Here it is - the second part to our scrappy sew along! I was so pleased to see everyone's comments regarding the first post on my scrap series - I really appreciated all the support! I know a few of you are sewing along and I cannot wait to see what fun quilts you come up with!
***Before I get too far along, I must apologize for the lack of photos on some of these steps. When I do find time in my sewing room, I am usually sewing on two or more projects at a time. I was sure I took lots of photos as I was sewing but when I sat down to write the post, it appears I only thought I took them! (sigh) Please have patience with me as I get my rhythm down on this series. I am going to try a different approach on next month's project!***
Last week in Part One, we got everyone choosing fabrics and determining cut sizes. Because I think sewing up your scraps should be painless and enjoyable, we will keep this week's activities simple too.
You will need to clear off your design wall (or floor) to do a bit of planning for this week's assignment. Once you find some time, loosely start laying out your scraps in bars.
Remember there will be sashing between the rows so don't worry too much about the same fabric being above or below.
Remember, to overlap the pieces by 1/2" to account for the seam allowance.
(Or for those who like quilt math, just count the number of pieces in your row and divide by 2. This will also give you how much shrinkage in inches there will be due to to seam allowances. I prefer this to overlapping.)
Once you get all the blocks up on the wall, step back and check that the lights, darks and what I call "eye catchers" are spread throughout the quilt. You might also realize at this point that you need to cut a few more pieces to get to the size quilt you want.
I find I am most successful if I do this step quickly and try not to over think it. I simply mix up colors and block sizes as I go.
Note: If you "named your quilt" and pulled fabrics accordingly, you should find laying out the top will be quick and easy as your scraps will all work together.
Last week, I mentioned I wanted to try to work in some strip piecing that was left over from a previous quilt. On this quilt I grouped them all together in one row (the bottom row in this picture.)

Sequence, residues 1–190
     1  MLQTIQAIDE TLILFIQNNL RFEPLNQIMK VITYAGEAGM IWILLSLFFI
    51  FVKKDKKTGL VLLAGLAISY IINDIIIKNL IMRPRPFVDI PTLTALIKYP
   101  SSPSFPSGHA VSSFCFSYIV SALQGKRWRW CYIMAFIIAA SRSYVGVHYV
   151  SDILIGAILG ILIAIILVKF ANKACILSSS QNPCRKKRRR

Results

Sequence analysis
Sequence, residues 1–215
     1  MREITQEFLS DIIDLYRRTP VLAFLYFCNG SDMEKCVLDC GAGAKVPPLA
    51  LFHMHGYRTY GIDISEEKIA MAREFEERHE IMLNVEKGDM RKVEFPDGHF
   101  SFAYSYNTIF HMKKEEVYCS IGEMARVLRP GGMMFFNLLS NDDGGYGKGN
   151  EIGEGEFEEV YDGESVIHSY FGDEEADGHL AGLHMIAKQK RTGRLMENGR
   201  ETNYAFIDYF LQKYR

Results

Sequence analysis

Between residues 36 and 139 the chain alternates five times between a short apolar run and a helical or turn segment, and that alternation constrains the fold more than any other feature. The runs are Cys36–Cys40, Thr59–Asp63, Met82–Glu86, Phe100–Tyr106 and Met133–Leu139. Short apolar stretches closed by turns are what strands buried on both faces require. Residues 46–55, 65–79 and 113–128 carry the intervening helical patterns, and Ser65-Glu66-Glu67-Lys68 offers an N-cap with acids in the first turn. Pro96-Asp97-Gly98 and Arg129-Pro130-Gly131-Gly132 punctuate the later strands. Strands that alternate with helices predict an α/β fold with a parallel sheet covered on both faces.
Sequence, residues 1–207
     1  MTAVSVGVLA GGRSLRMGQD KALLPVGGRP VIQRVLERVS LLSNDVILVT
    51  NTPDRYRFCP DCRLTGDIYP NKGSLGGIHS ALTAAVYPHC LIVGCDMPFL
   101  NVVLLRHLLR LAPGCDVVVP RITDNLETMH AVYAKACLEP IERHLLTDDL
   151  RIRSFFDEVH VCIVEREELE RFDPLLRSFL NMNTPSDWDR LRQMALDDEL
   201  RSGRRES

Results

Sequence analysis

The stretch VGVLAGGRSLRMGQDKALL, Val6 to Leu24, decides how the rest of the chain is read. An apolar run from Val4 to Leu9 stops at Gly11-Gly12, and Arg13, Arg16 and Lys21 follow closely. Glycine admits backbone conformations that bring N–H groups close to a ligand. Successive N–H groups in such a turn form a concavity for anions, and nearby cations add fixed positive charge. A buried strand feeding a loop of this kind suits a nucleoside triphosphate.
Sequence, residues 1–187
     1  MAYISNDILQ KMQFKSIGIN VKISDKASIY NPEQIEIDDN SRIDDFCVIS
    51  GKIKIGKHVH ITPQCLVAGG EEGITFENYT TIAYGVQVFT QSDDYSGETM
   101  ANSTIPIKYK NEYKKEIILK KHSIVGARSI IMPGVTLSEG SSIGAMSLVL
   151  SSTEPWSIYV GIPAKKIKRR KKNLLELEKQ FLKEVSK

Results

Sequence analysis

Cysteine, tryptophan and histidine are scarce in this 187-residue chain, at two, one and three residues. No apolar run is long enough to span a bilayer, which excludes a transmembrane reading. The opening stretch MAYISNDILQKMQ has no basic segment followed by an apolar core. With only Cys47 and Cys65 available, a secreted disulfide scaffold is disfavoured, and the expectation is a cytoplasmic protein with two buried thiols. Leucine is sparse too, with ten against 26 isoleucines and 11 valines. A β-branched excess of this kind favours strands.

Grouping them creates an area of interest among all the randomness. Sometimes I will insert whole orphan blocks into quilts like this.
Unfortunately, this detail doesn't show up much with these fabrics but it is still a great way to use up all those pieces floating around your sewing room.
Once you have everything placed as you want it, you can pull the pieces down off the wall. On each row, I grab the left most piece and safety pin a beautiful row marker (...made from a bit of fabric from the trash and a marker of some kind.) I then pull the entire row off in order from left to right. (To keep the row organized, I use the safety pin to pin the entire row together.)
Your rows are now ready to be sewn together. I love this piecing pattern because it can be sewn in between another project's blocks as a leader/ender. Just work on one row at a time to minimize confusion. Keep the pile of blocks next to your machine and the row marker always pinned to that first block (this is why I use a safety pin). As you sew each piece onto the strip, you know it is placed at the end furthest from the row marker. I just continuously work these through as I sew up blocks for another quilt. (You can go back and press the strip once you have it all sewn together.)
We will talk more about sewing up the strips and the rest of the top next time but feel free to start sewing up your rows now if you have the time this week.
I think you will find you'll have a scrappy quilt top sewn together in no time at all!
Here's an overview of the important stuff to do before the next step!
- Find time on your design wall
- Layout the rows to the desired quilt size
- Pull off blocks by each row from left to right keeping rows organized with a row marker
- Start piecing rows together (I use these as leader/enders while I sew other quilt blocks)
I always enjoy starting to see a scrap quilt come to life. Hopefully you are starting to enjoy what you are creating from your scraps. You will find each quilt using this same pattern will look very different, depending on the type and color of fabrics used. If you are sewing along, feel free to grab the button in the sidebar to share with your readers what you are up to. And if you have any questions, don't hesitate to contact me.
Now let's get back to the Party!